How readily our thoughts swarm upon a new object, lifting it a little way, as ants carry a blade of straw so feverishly, and then leave it.
Virginia Woolf’s short piece “The Mark on the Wall” captures a few moments of thought-wandering. I’ve been impressed in the past with Virginia Woolf’s ability to perfectly capture a wandering mind. This piece is a perfect example of her style, not only because it’s a short and approachable piece but because I believe we can easily relate.
Sitting by a fire one evening, the narrator’s attention is drawn to a previously unnoticed mark on the wall, and the story follows her thought process as she tries to figure out why it is there.
The narrator was familiar to me. Although her thoughts were different than mine are in similar situations, of course, the way her thoughts diverged from the question at hand was excellently captured. At the beginning, for example, she went from questioning the mark on the wall to inventing the reasons why the previous owners moved away from the residence. This immediately resonated with me because I live in the house that used to belong to the parents of Anna and Michael.
I first met Anna and Michael on the day we bought the house, when we found their names and heights marked on my son’s bedroom wall (behind the door), but I’ve found Anna’s beads in the basement, and Michael’s school photo tucked in a back corner of his mother’s bathroom drawer. I found Anna’s ice skates in the attic. They are size 7, with purple laces, and they fit me perfectly. I went ice skating a few times, even though I’m really bad, simply because I have the skates now. Besides, I find myself thinking of Anna disappointment when she can’t find them and realizes they were left behind. She’d be happy to know they are being used. I think of the younger child – Michael – asking to swing just a little longer on the swing set before having to leave it behind (they moved into the city, so I’m sure they no longer had a yard and a swing set of their own). Poor kids!
So, just as the narrator’s thoughts wandered, I found mine did to. This was just the first page of “The Mark on the Wall.” As the story progresses, the narrator doesn’t want to get out of her chair, but she goes through all the possibilities of what that mysterious mark could be. Her thoughts led from one thing to the next. She’s wants to forget the mark on the wall and get back to sitting, thinking, and enjoying the fire.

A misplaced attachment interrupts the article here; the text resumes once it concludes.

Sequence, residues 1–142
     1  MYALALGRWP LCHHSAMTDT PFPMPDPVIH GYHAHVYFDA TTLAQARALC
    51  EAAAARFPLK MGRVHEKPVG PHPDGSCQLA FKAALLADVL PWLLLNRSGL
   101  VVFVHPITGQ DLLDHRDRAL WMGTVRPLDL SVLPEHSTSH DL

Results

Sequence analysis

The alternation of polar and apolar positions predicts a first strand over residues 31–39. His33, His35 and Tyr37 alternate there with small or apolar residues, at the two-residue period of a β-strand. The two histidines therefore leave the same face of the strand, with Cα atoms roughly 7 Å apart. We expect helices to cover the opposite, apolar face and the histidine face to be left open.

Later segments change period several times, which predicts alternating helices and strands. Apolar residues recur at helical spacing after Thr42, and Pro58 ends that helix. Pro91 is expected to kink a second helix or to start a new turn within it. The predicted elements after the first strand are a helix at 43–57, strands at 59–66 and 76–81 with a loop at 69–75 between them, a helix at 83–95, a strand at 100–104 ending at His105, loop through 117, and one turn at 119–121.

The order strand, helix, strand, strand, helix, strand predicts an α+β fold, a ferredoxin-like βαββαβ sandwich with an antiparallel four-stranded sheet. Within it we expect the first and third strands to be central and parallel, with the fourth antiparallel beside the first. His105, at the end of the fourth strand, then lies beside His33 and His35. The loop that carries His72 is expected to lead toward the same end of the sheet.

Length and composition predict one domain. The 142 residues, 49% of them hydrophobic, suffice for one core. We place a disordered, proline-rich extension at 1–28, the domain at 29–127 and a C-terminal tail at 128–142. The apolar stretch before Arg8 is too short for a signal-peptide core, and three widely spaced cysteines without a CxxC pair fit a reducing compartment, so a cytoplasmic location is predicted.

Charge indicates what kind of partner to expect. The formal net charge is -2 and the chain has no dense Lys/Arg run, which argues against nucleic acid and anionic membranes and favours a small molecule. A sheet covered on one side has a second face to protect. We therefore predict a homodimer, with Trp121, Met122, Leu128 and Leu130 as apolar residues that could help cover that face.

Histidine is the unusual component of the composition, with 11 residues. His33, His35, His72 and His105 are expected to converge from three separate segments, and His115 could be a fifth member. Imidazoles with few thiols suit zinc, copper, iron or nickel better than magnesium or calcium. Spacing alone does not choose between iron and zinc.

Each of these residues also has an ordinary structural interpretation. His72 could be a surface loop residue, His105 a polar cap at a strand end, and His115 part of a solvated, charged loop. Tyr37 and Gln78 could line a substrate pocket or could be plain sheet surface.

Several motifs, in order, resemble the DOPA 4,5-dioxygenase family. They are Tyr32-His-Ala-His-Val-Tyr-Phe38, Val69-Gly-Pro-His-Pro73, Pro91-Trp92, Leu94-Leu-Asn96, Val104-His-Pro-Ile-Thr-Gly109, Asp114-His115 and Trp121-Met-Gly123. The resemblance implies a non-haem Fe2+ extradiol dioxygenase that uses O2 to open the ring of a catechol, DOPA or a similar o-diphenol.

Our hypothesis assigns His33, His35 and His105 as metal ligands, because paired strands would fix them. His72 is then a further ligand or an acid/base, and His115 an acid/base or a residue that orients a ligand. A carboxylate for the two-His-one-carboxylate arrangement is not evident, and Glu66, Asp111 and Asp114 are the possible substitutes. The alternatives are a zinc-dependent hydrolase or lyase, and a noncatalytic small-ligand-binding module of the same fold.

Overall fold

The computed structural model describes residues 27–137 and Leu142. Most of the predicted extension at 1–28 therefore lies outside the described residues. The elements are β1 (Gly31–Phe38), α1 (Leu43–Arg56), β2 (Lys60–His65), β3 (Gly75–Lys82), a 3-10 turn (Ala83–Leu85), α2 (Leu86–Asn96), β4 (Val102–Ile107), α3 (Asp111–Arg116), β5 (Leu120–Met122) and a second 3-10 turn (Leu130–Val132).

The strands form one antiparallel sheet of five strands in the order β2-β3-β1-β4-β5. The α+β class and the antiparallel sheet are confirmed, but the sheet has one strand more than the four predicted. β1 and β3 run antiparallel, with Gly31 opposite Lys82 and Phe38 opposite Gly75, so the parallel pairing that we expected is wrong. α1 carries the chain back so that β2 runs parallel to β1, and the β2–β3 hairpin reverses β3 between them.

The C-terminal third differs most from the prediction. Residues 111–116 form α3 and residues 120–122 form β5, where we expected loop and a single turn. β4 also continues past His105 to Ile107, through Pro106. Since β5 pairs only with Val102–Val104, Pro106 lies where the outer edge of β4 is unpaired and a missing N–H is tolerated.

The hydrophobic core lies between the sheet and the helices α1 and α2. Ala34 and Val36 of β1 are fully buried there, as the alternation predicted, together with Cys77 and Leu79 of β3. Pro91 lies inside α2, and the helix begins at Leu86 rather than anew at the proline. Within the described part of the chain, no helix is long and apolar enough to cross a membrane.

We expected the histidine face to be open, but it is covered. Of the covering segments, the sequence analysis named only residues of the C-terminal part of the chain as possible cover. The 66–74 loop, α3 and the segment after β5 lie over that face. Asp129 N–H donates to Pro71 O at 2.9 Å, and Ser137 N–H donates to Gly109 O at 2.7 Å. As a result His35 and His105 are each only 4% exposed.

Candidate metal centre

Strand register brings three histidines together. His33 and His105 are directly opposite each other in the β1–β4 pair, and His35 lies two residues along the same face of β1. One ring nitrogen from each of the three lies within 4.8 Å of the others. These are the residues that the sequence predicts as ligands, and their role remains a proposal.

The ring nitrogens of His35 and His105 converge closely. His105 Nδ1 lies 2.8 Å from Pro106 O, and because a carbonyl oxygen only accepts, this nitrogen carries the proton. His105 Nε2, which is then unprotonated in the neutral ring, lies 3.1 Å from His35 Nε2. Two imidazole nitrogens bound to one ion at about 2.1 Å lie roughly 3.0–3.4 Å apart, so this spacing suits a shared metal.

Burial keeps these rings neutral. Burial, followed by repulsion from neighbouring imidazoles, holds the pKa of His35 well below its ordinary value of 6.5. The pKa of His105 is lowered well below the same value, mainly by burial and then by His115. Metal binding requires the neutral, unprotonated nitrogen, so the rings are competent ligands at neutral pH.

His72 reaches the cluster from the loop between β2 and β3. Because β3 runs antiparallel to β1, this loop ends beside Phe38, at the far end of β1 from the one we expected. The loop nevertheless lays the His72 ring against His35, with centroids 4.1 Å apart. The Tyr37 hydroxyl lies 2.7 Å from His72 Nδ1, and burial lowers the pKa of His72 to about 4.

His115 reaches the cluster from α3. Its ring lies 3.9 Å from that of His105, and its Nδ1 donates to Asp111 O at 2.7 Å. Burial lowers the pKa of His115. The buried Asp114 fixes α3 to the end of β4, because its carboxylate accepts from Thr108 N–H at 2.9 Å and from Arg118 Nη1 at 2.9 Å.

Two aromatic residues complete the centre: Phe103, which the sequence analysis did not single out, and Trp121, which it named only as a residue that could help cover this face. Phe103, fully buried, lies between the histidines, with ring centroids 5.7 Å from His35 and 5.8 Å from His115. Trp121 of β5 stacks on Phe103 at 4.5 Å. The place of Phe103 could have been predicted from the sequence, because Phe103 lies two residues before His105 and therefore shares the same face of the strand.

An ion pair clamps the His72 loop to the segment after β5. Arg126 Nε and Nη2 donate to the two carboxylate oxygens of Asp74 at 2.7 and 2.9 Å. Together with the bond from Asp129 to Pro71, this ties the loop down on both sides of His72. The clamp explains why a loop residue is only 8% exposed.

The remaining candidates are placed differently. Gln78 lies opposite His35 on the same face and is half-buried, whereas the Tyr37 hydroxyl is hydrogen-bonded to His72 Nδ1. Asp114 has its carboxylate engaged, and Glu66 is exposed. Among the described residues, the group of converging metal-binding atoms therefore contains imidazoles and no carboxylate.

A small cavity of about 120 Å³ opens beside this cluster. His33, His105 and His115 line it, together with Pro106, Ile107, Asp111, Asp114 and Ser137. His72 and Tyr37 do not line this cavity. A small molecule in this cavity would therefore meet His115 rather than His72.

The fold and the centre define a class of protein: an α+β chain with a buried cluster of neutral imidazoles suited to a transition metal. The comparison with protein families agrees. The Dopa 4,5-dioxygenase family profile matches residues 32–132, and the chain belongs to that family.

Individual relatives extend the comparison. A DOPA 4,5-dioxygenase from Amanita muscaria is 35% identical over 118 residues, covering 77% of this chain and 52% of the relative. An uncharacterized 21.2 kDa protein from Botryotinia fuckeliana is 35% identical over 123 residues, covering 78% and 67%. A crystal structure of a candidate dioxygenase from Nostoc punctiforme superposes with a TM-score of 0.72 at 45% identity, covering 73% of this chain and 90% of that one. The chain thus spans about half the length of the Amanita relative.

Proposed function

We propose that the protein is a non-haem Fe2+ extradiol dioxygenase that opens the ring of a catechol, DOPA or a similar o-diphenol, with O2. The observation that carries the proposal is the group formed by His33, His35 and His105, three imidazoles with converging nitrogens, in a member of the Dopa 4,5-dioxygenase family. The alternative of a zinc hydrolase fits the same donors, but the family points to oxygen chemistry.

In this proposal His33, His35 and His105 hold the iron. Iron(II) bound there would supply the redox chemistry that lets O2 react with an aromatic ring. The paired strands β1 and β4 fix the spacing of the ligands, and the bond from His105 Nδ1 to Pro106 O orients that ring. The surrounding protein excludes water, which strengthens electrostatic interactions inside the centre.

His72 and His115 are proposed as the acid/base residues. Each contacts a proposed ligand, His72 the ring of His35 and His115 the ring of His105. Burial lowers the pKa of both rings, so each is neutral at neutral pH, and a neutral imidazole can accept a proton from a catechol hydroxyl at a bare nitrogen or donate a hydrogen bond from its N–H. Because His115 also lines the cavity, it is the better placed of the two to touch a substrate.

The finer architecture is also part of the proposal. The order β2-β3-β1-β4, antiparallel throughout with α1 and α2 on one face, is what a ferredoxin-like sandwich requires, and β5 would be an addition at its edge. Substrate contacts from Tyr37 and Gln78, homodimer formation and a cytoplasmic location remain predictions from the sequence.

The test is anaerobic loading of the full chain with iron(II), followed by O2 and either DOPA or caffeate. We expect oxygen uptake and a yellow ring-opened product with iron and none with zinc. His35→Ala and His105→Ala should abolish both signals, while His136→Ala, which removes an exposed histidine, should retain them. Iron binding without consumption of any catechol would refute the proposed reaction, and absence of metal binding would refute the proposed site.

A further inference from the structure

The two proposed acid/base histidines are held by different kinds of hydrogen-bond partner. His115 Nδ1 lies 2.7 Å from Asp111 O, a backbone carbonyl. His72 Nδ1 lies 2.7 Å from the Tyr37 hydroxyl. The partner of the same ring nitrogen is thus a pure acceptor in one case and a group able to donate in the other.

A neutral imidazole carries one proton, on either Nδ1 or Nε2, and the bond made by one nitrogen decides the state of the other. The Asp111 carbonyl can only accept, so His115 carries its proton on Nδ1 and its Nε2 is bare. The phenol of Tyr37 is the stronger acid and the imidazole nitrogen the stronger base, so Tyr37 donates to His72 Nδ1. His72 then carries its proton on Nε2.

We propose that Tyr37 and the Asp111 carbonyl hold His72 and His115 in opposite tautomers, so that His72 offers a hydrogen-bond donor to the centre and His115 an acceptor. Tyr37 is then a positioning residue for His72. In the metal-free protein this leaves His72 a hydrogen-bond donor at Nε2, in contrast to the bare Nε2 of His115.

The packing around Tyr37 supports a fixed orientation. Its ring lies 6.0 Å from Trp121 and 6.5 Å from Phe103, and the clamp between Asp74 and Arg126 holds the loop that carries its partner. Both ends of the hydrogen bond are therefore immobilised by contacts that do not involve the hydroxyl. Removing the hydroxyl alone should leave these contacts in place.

To steady myself, let me catch hold of the first idea that passes.
But of course, she can’t stop wondering about that mark. Once I think of something I need or want to do, I too can never regain the sense of peaceful solicitude. Reading “The Mark on the Wall” may drive you crazy because you just want to say, “get up and look at the mark already!” But listening to her thought rambles is the interest of this story. We can all relate because we all think, and Virginia Woolf has wonderfully captured a pattern of thought in this short work.
And if I were to get up at this very moment and ascertain that the mark on the wall is really … what should I gain?— Knowledge? Matter for further speculation? I can think sitting still as well as standing up. And what is knowledge?
That is a question for us each to ponder, sitting in front of a fire on a cold evening, or least wrapped up in a blanket (with a book, too, please?). How do you think when you’re not thinking of anything in particular?
Isn’t this quiet wonderful? The only noise is our thoughts.
This is the first in my new series on reading about the minutia of life. Do you have a short story to suggest? (The project does not have to be short stories, but I’m more likely to have time to read it if it is a short story.)
Thanks to Emily who suggested “The Mark on the Wall” to me.